In a recent response to Byran Caplan on global warming, Yoram Bauman rested part of his argument against cost/benefit analysis on the issue of uncertainty. Bauman wrote:

Reason #1 is that CBA has trouble dealing with uncertainty: if there’s a (say) 1% chance that climate change will be catastrophic and a 99% chance that it will be no big deal, how do you account for that in CBA? I don’t think anybody who knows the St Petersburg Paradox (and Marty Weitzman’s related work on “fat tails”) has a good answer here.

I dealt with this issue a year ago in an article in Regulation that I highlighted in a post about a year ago.

Excerpt from my Regulation article, titled “Uncertainty Can Go Both Ways”:

I think that Litterman would be hard pressed to justify that conclusion. It seems to be more of a hunch than to be something he has established in his article.

But there is a more fundamental problem. For Litterman, the uncertainty is all in one direction. Go through his article and, in every case where he discusses uncertainty, it’s about how bad the consequences of global warming will be. Will they be just moderately bad or will we have a catastrophe? Notice what’s missing: He doesn’t even entertain the possibility that global warming could be good. Nor does he entertain the possibility that not only could it be good, but also it could offset the potentially catastrophic damage that could result from global cooling. I am not a climate scientist, so I don’t know how likely global cooling is. But I am enough of an analyst to know that if we are uncertain, as Litterman admits we are, then we need to entertain that possibility.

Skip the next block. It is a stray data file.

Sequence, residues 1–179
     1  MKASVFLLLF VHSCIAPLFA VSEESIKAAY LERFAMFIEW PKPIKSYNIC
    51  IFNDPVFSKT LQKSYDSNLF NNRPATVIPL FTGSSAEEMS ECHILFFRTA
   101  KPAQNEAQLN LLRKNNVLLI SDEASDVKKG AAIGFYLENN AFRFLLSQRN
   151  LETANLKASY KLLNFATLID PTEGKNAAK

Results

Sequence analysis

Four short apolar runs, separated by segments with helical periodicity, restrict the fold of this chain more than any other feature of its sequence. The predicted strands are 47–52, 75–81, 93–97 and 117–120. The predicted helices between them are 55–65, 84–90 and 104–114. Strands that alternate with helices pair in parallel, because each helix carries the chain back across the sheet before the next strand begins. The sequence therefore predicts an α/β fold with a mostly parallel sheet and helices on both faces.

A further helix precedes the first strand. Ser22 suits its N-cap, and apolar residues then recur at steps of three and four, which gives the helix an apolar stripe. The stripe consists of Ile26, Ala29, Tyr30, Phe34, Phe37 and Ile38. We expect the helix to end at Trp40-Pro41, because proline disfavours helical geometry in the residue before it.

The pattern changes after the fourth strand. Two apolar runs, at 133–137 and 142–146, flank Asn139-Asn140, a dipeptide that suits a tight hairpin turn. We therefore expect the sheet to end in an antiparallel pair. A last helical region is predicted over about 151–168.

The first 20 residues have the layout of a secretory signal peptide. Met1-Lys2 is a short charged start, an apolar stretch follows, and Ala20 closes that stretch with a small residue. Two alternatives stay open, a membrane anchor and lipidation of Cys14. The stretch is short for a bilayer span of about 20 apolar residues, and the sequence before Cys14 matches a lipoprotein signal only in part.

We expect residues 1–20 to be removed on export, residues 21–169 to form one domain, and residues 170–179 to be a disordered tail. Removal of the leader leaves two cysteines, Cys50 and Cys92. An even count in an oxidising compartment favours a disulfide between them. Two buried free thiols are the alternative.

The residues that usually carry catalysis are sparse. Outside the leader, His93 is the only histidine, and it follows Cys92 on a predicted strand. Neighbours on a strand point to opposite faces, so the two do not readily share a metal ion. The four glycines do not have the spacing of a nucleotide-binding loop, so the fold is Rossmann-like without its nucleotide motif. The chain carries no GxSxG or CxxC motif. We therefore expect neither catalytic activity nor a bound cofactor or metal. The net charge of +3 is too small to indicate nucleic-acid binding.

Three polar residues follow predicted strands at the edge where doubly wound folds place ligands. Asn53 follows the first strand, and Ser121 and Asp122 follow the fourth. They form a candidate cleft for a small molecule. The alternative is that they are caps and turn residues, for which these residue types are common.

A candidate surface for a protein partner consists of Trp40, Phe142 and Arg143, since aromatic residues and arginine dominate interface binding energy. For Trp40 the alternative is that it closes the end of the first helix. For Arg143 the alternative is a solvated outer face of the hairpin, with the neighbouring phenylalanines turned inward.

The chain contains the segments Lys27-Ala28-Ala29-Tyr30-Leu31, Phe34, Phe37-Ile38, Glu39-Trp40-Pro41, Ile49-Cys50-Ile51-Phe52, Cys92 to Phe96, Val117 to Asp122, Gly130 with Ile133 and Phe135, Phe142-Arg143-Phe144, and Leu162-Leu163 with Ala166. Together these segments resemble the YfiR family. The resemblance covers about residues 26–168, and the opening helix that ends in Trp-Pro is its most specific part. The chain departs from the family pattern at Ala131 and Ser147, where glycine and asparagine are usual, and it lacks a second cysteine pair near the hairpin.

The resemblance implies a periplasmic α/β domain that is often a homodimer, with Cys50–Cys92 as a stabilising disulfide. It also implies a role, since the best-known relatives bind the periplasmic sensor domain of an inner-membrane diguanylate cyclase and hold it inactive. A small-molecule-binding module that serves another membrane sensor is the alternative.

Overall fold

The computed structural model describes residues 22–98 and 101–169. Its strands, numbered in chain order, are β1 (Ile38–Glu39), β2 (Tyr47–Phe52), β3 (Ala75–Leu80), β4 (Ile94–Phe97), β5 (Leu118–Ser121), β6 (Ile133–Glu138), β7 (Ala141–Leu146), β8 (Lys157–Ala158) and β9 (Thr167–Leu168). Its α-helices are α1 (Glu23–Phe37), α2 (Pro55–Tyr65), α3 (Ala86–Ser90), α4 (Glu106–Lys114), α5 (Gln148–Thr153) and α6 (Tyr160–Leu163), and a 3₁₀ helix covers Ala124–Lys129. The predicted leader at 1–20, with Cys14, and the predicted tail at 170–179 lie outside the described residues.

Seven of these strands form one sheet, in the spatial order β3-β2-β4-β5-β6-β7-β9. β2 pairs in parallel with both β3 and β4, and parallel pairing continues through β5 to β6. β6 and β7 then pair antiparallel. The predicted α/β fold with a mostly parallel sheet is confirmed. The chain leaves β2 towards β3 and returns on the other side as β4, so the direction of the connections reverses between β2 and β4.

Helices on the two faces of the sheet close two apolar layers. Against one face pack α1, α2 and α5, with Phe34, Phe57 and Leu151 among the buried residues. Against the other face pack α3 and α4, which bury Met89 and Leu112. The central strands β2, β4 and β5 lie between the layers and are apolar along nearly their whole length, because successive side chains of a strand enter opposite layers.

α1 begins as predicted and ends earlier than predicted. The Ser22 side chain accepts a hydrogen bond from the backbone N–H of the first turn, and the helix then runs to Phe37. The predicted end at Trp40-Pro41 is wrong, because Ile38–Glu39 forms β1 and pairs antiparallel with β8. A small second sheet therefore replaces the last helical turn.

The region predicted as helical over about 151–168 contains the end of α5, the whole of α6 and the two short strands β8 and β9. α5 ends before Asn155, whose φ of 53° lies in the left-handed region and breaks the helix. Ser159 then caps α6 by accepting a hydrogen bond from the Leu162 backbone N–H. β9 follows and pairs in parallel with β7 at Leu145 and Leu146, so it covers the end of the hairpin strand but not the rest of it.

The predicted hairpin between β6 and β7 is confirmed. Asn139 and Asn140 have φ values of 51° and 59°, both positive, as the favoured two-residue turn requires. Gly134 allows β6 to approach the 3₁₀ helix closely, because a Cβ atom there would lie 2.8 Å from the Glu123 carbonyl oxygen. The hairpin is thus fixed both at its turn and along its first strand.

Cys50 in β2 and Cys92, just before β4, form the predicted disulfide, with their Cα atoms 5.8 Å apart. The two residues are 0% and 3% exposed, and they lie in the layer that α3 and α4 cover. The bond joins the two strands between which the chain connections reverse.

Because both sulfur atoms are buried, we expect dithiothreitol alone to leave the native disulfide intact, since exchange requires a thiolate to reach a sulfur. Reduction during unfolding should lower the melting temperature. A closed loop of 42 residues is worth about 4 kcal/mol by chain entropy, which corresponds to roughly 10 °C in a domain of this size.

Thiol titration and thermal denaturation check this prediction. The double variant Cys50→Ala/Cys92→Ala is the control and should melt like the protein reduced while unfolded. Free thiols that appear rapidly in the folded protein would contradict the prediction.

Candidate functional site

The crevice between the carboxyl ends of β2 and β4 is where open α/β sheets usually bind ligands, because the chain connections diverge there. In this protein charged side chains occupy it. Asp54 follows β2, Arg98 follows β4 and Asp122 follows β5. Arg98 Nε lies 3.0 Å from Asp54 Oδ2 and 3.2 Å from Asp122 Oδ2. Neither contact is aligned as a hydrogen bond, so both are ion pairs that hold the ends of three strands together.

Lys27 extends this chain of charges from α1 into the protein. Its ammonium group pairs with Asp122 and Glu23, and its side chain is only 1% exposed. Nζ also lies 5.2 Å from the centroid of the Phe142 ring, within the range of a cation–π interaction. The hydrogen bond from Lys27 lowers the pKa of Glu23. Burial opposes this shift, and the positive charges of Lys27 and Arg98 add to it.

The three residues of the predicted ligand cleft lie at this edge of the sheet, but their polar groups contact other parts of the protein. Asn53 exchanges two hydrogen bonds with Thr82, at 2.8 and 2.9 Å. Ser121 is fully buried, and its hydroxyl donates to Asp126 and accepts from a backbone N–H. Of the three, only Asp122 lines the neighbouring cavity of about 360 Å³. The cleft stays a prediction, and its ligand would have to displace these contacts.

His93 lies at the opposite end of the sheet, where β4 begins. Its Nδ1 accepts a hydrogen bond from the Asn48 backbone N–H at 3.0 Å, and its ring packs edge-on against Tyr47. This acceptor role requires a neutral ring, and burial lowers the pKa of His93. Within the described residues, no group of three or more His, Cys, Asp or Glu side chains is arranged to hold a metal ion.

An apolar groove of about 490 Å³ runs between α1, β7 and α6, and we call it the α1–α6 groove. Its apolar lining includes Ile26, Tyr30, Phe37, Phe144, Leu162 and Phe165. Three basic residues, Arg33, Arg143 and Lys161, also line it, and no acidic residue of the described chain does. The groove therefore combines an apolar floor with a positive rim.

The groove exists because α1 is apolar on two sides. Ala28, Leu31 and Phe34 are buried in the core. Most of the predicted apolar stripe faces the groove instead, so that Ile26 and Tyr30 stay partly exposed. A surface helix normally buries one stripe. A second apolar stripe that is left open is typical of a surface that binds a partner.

Notice that I’m not addressing directly whether uncertainty makes it hard to do CBA. Rather, I’m saying that uncertainty does not mean that the case for a carbon tax is stronger than otherwise.